MLA

January 3, 2012

Soon I will be boarding a plane for Seattle, and the 2012 meeting of the Modern Language Association.

Unlike Ulrike Ottinger’s film Ticket of No Return / Bildnis einer Trinkerin (pictured above), however, I will eventually return.

Those of you who know the academic job search will also know more or less what my MLA experience will be like: a professional conference where the interviews for tenure-track and (increasingly) non-tenure-track jobs take place.  Where the weight of individuals and institutions in the humanities is hefted, tested, critiqued and measured. As opposed to my regular haunts, the German Studies Association conference, Film and History, or the Northeast Modern Language Association conference, the MLA is supposed to be a fairly stiff-necked affair.  Faculty have confided in me about it being a kind of “meat market” or a “desperate” place.  One need only look at the various paltry statistics about employment in the academic humanities in this country since the 1970s to know this (and I have deliberately refrained from linking to said statistics, dear reader, to keep your optimism intact).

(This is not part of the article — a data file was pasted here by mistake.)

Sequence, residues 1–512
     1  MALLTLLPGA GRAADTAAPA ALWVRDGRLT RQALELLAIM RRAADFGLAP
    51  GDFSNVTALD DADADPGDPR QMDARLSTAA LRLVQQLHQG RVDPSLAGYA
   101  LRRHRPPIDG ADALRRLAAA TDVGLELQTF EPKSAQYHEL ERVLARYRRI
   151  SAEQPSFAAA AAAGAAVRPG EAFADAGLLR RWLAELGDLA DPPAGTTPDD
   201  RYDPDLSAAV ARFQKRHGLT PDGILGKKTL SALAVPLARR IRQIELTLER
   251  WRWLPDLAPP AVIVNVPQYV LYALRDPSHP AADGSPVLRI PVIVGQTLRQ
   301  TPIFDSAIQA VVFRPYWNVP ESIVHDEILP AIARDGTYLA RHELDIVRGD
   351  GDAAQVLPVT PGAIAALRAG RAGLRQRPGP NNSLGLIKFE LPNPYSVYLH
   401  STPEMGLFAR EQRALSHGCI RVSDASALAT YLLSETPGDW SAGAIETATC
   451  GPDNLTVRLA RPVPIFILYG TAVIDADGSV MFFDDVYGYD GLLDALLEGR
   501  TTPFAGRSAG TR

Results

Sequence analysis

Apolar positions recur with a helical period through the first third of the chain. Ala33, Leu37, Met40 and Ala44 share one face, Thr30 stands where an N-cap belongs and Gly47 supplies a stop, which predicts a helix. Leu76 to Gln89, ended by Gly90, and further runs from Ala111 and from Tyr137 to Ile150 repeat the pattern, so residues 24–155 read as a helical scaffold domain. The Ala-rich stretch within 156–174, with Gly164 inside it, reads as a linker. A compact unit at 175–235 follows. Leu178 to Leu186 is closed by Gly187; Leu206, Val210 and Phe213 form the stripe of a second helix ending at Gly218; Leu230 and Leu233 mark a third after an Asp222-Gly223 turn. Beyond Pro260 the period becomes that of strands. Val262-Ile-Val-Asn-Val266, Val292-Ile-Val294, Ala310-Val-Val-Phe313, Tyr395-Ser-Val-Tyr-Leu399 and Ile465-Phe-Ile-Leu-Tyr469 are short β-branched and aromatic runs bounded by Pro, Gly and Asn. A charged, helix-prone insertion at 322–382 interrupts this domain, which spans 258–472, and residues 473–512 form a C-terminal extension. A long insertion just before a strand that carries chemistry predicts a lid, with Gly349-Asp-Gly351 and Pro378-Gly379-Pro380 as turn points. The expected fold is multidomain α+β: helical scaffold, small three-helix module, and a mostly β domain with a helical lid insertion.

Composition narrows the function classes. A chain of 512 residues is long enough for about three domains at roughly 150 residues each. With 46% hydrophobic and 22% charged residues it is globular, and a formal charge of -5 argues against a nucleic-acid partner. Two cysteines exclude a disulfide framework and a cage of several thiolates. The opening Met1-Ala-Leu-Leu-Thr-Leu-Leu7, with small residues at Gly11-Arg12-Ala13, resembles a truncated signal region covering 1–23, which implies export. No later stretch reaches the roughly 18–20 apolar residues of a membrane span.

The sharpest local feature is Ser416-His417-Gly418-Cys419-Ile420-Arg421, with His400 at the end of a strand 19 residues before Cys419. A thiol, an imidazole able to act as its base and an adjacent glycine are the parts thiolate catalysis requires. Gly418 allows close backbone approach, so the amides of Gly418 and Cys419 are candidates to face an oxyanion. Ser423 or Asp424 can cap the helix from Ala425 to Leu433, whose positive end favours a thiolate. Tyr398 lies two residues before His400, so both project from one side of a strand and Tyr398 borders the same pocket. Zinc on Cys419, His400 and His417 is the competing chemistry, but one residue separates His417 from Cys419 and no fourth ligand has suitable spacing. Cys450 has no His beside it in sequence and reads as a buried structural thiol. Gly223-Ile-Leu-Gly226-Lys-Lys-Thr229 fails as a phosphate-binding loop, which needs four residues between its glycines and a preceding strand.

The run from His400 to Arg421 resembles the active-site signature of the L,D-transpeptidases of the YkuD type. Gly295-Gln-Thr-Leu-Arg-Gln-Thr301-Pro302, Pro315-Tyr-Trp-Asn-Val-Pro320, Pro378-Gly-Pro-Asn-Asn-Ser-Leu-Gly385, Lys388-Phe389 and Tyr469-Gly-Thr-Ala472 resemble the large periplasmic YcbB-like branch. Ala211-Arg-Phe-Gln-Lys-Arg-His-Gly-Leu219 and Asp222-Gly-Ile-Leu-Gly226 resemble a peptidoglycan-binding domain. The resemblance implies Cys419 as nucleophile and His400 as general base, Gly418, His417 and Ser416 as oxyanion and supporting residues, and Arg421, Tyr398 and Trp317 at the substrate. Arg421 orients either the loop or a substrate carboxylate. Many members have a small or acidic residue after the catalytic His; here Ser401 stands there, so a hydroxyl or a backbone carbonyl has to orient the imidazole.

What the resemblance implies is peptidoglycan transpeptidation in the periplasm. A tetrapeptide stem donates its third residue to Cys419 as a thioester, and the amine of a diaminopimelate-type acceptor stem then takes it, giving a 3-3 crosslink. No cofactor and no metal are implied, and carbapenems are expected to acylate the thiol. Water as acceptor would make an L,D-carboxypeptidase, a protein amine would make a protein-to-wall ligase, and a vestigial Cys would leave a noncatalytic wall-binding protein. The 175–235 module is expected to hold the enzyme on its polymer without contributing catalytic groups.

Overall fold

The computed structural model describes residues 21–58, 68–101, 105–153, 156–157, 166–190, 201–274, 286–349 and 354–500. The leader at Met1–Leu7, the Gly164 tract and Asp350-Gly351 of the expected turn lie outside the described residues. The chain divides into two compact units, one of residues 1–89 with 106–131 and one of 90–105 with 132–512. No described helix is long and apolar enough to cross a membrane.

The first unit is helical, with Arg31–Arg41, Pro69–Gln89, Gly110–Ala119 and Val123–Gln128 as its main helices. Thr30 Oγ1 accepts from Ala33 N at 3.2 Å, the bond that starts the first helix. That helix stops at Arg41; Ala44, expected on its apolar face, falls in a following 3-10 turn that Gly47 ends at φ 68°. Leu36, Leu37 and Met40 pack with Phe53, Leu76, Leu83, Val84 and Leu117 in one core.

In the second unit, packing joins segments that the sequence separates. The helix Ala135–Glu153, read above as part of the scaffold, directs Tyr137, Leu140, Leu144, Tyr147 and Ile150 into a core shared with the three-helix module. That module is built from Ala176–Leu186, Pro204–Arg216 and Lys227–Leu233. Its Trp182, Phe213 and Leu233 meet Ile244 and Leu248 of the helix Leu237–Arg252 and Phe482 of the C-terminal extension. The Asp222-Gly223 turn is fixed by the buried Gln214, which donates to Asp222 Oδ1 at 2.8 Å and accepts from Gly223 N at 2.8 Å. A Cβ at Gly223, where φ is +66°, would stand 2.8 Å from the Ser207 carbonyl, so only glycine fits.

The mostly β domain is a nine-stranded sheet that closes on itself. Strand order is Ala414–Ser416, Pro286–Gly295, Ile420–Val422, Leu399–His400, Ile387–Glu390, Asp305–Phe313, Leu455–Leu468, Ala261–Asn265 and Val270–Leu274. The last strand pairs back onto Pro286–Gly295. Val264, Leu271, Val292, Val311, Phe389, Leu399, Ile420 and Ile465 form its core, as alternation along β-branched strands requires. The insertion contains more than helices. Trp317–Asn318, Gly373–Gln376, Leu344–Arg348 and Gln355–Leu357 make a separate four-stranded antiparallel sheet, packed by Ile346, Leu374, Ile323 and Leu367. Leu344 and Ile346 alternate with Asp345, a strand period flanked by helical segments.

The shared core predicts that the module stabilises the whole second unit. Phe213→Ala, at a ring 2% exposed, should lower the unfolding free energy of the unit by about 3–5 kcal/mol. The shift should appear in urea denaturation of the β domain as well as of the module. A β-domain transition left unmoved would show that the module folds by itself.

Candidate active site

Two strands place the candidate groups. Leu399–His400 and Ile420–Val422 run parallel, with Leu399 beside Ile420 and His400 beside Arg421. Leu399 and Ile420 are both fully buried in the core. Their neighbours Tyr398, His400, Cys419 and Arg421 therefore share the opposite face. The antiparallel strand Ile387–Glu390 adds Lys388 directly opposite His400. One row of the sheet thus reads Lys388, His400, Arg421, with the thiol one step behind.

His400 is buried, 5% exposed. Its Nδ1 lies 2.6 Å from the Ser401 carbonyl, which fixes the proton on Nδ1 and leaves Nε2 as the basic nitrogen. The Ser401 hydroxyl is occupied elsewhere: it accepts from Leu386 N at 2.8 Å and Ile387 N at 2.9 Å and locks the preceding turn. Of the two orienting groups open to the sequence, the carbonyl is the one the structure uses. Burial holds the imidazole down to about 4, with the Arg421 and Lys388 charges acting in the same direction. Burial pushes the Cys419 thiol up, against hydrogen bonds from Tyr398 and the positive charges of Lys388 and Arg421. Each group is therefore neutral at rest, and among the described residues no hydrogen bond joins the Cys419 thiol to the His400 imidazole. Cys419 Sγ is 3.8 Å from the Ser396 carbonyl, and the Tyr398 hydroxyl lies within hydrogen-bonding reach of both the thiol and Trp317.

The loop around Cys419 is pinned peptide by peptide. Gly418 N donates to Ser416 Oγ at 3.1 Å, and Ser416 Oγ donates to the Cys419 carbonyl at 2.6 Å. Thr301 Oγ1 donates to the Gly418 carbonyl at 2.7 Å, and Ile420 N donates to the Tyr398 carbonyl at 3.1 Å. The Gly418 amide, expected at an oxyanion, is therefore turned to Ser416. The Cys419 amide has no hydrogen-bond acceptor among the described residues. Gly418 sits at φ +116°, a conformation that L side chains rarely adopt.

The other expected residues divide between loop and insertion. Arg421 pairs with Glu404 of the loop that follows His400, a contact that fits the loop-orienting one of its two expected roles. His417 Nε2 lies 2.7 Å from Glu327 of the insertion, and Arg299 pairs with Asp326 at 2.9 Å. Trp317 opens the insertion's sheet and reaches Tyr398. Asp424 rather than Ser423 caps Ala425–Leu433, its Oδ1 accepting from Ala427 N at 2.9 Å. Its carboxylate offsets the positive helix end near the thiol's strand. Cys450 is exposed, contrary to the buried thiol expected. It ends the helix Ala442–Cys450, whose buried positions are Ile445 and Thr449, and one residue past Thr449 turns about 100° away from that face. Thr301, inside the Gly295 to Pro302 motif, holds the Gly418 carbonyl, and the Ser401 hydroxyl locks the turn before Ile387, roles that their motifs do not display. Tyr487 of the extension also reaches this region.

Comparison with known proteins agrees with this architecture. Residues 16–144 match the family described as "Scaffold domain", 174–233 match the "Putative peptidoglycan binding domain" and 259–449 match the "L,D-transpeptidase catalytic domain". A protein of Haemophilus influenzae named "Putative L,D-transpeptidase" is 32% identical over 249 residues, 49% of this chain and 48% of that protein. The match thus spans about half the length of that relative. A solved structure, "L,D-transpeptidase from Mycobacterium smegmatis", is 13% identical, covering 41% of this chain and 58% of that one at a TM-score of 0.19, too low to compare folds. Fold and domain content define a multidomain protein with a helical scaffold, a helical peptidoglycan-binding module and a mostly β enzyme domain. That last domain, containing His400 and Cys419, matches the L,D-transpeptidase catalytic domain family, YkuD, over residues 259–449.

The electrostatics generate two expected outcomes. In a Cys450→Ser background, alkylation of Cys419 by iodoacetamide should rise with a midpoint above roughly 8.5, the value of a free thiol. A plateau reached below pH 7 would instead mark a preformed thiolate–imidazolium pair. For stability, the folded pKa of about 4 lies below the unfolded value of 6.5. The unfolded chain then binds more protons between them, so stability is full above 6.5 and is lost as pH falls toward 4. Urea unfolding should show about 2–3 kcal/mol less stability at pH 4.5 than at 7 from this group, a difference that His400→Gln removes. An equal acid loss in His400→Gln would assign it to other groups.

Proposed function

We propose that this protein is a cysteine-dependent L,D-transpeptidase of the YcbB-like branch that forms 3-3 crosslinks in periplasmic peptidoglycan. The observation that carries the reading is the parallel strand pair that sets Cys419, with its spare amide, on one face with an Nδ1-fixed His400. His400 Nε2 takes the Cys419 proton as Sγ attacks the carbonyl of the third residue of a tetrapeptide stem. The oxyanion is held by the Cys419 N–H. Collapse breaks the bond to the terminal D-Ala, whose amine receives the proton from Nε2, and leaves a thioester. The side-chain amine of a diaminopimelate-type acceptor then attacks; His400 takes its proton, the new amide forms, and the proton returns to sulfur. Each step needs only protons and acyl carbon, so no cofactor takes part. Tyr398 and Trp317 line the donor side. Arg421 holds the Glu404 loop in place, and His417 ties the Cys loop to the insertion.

That being said, the only way out of the abyss is straight through it. That has been my dissertation solution and, as I seek new scholarly venues beyond my dissertation, a way out of the familiar.

2012 is a time for change, whether it stems from the movements of the masses or the movements within ourselves.

 

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